The Fed may have to force a recession to get inflation under control

There were no encouraging signs in the Labor Department report which showed the Consumer Price Index rose 7.5% more than expected in January from a year earlier, marking a new high in four decades. The gains were wide and deep, suggesting inflation is taking root and potentially putting the Federal Reserve in a no-win situation.

Immediately after the release of the CPI report, money markets priced in the possibility that the central bank might be forced to raise interest rates higher and faster than it expected, including a increase of 50 basis points at the meeting of decision makers on March 15. 16 meeting. Traders also now expect a full percentage point of increases by the end of July, according to Bloomberg News. Moreover, the spread between short-term and long-term bond yields—better known as the yield curve—continued to collapse.

Jerome Powell's Fed backed into a corner.

Jerome Powell’s Fed backed into a corner. Credit:PA

All of this means that markets are increasingly seeing that the only way for the Fed to get inflation under control is to cause the economy to slow down sharply, or even force a recession. It would be the hard landing that policy makers wanted to avoid.

As recently as Wednesday, Cleveland Federal Reserve Chair Loretta Mester, who votes on monetary policy this year, said she didn’t see a “compelling case” for a half-point increase in percentage. In a sign of what could happen if the Fed decided to do what Mester called unlikely, the S&P 500 index quickly fell 1% and bond yields soared after Federal Reserve Chairman St. -Louis, James Bullard, who is also a voter this year, told Bloomberg News on Thursday that he favors raising interest rates by a full percentage point by early July. This implies an increase of at least half a percentage point at one of the three meetings by then.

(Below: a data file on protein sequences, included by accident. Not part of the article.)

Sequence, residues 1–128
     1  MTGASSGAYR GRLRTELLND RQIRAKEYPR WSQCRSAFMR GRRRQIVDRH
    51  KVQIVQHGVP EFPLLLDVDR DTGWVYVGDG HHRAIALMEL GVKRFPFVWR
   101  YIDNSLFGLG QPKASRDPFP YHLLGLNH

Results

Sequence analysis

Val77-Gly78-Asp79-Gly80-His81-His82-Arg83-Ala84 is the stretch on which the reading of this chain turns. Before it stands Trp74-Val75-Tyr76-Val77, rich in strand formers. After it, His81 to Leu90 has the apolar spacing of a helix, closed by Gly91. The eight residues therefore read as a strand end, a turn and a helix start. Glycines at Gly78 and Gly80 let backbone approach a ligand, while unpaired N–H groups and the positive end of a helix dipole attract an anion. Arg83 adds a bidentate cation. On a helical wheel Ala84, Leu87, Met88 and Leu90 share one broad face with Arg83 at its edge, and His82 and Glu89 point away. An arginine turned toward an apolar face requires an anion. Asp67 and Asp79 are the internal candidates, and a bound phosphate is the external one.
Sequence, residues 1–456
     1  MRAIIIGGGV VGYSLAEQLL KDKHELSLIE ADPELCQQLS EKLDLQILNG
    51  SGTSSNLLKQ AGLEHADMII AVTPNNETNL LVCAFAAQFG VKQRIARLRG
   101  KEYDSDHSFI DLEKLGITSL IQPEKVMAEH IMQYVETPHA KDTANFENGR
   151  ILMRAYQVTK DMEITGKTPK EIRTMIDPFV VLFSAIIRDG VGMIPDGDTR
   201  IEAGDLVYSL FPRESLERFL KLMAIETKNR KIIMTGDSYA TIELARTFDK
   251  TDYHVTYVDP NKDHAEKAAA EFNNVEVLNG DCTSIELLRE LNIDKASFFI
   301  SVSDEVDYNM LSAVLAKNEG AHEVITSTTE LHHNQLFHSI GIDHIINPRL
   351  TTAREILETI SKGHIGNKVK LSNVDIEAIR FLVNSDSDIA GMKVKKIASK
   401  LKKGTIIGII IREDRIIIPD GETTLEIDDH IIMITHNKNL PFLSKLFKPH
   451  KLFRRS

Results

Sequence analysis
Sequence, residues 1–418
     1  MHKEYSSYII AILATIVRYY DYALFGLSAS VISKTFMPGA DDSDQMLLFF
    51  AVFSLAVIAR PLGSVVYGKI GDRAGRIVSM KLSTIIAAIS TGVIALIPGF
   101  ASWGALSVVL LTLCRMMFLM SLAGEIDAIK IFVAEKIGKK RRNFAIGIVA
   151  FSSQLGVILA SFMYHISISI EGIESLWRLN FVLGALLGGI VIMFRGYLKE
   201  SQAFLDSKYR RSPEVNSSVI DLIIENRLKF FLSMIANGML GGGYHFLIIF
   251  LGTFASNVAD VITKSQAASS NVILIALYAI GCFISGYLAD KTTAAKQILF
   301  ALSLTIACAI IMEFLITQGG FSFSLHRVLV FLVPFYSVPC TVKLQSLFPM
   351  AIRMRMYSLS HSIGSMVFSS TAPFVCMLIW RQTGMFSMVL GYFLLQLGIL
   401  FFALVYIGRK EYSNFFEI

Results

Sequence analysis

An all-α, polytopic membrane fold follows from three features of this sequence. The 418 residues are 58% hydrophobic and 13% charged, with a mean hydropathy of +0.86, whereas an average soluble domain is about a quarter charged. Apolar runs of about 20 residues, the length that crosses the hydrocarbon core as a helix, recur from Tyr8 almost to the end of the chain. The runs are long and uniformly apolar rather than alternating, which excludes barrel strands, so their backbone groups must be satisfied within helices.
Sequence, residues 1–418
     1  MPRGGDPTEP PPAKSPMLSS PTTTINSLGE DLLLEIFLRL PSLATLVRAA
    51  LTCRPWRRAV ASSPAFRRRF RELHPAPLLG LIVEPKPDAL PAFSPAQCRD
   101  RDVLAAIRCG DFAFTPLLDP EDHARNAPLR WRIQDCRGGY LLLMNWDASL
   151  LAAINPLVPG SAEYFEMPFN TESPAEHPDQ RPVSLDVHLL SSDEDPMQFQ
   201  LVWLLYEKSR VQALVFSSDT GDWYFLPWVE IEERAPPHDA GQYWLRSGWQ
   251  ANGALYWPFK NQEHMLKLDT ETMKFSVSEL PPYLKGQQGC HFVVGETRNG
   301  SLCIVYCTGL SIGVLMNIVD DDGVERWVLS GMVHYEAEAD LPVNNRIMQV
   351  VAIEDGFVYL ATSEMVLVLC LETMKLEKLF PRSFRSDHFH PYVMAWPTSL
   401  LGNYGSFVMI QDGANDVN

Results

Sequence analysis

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In each of the past two cycles of monetary policy tightening, from 2004 to 2006 and from 2015 to 2018, the Fed has raised rates by only quarter points, signaling each move well in advance to avoid disrupt financial markets. The reason the Fed is so careful not to introduce additional volatility into the markets is because of something called the “wealth effect.” It’s not official Fed policy, but central bank officials over the years have explained how rising prices for stocks and other assets tend to boost consumer spending and the overall economy. . “So stocks play an extremely important role, which I think is vastly underestimated,” former Fed Chairman Alan Greenspan said at a Bloomberg event in 2012.

The Fed may have no choice but to accelerate its tightening plans, whatever the blow to its reputation, to the markets and to the economy – which could be significant.

Being forced into a “shock and awe” move would also further damage the Fed’s credibility and reinforce the perception that it is behind the curve. Even though inflation accelerated for much of last year, the Fed incorrectly argued that the gains were likely only transitory. As recently as December, the Fed was planning just three quarter-point rate hikes this year; the market now expects six.

Certainly, a lot of important economic data should be released before the Fed’s next monetary policy meeting in mid-March. In a few weeks, we will have the personal consumption expenditure report for January, which the Fed considers a more important measure of inflation than the CPI. And on March 4, we will receive the monthly employment report for February, followed by the CPI report for February, which is expected to be released on March 10.

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